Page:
With a few exceptions, I don’t write about too many books with boys as main characters. The reason for this is pretty simple; although I’ll read just about anything (except Tucker Max…never Tucker Max), I’ve always identified a lot more with books about girls and women. However, sometimes there’s a character so vibrant, funny and original that he invades my consciousness, gender be damned! In this instance, that character is Junior/Arnold Spirit from Sherman Alexie’s The Absolutely True Diary of a Part-Time Indian.
Junior is a Spokane Indian who has “water on the brain,” a stutter, a lisp, thick black glasses and a tendency to get beat up. He’s spent his entire life on the reservation. “The rez,” as he describes it, is where Indians were “supposed to disappear.” The Rez is the home of everyone he cares about: his parents, his sister, his grandmother and his best friend, Rowdy. But for Junior, the Rez is also full of people with broken dreams or no dreams at all. “We reservation Indians don’t get to realize our dreams,” Junior says. “We don’t get those chances. Or choices. We’re just poor. That’s all we are.”
Junior is smart, funny and creative; he’s a wonderful artist who loves to draw cartoons. But on the Rez, he’s stifled and frustrated. Until his teacher, Mr. P, tells him, “You’ve been fighting since the day you were born. You fought off that brain surgery. You fought off those seizures. You fought off all the drunks and drug addicts. You kept your hope. And now, you have to take your hope and go somewhere where other people have hope.” The place Junior decides to go is the “white school” in Reardon, a town 22 miles away.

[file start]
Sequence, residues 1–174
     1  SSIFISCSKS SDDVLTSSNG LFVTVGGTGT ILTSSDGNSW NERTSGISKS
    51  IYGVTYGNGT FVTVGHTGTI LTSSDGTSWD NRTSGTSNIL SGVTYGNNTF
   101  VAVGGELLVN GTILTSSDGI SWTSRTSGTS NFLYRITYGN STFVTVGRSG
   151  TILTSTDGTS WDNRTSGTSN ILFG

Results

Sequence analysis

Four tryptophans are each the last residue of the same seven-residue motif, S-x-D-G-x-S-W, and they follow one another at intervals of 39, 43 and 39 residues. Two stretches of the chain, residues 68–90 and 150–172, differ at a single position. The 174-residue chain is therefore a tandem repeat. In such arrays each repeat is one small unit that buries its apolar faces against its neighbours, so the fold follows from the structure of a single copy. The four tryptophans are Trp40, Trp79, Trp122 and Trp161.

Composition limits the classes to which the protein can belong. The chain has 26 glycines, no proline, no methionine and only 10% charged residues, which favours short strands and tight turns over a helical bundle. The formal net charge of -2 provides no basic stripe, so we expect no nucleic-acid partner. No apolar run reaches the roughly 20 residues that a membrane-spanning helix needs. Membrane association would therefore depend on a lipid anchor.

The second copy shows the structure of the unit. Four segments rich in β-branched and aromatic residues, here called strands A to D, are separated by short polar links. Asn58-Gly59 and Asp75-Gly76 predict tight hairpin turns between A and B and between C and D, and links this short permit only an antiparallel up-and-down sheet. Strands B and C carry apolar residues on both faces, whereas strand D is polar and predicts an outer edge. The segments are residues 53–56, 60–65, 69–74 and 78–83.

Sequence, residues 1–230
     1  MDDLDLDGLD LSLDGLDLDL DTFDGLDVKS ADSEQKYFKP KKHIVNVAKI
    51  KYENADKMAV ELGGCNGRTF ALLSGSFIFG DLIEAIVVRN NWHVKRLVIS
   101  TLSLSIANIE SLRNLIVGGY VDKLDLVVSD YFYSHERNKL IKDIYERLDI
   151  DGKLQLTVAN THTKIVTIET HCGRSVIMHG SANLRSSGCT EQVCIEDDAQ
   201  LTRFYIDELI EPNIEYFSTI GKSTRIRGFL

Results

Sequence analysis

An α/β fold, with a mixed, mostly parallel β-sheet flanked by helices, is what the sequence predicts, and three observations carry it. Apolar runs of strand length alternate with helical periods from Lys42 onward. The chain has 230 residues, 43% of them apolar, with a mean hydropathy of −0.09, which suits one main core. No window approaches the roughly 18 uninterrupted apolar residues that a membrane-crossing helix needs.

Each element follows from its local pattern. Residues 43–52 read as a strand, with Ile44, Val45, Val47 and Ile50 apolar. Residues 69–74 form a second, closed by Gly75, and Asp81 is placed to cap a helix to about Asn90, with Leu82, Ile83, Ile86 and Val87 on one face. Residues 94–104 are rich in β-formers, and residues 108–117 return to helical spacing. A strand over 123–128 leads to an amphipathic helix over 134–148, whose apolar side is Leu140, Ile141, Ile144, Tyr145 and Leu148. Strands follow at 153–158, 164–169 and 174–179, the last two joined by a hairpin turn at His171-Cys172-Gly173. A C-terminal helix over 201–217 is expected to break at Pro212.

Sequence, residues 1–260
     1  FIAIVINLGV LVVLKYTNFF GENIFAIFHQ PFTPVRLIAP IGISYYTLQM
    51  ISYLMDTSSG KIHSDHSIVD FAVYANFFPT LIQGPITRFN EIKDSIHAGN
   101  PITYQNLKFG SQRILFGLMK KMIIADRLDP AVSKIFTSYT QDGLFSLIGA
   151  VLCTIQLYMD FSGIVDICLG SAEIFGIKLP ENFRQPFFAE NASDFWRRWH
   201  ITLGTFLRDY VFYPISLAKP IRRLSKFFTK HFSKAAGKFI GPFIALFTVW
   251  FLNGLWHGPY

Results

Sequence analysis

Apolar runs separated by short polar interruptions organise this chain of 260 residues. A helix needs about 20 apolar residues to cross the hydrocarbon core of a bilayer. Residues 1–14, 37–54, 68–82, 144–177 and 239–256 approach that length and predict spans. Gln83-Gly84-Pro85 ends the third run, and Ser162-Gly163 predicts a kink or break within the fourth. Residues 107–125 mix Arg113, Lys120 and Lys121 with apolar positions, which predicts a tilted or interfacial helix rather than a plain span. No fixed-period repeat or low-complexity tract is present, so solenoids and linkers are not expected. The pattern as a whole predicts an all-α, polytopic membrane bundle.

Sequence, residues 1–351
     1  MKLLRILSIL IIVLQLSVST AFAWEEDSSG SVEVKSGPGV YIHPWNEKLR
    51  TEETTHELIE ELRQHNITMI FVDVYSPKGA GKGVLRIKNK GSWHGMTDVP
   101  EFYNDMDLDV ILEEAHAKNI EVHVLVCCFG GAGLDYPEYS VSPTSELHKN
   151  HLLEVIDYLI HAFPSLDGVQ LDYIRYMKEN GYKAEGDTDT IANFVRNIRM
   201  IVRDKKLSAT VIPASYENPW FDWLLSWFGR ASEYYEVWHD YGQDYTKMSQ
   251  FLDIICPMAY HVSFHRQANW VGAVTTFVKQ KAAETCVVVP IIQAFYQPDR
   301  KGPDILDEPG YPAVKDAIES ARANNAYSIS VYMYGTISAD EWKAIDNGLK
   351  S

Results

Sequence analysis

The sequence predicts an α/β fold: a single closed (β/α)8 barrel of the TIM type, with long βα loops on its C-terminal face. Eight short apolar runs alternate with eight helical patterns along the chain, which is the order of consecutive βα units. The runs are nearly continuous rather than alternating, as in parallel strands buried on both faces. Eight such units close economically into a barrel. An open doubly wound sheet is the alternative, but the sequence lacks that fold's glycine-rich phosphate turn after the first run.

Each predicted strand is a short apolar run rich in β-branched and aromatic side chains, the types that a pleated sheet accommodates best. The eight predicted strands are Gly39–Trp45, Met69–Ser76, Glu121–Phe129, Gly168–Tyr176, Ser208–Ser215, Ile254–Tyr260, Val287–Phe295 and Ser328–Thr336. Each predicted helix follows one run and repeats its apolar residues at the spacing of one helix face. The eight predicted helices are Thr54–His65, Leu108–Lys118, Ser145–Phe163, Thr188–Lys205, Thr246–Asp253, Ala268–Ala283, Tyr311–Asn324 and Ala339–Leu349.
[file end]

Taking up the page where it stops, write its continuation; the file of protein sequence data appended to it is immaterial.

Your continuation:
Junior captures the feeling that so many teenagers unfortunately know very well; the feeling of being stuck, like no one believes in you. Although most of us didn’t grow up on an Indian reservation, if you’re a smart kid with big dreams, there will always be people who try to pull you back, hold you down, and put you “in your place.” There will always be people around you who, instead of encouraging you to be your best, will discourage you from ever trying. They’ll do this because they’re unhappy and they can’t stand to think of you being happy. They’re paralyzed by their own inertia, and they can’t believe you’d have the gall to think you deserve something better. Sometimes, people will see you wanting something better as a rejection of them and their choices.
I was lucky to have lots of great teachers as a kid, but I still remember one teacher who had our class make a list of everything women couldn’t do. At the time, I was confused and a little depressed as she told us all that women would never be able to run as fast as men or be as strong. Now, as an adult, I’m just wondering what exactly was broken inside of her that she needed to make sure a class of 11 year olds didn’t start thinking they were hot stuff (by the way, when I came home that day and complained that my teacher had made us list the things women couldn’t do, my mom told me, “You should’ve said ‘Pee standing up.’” Zing, Mom).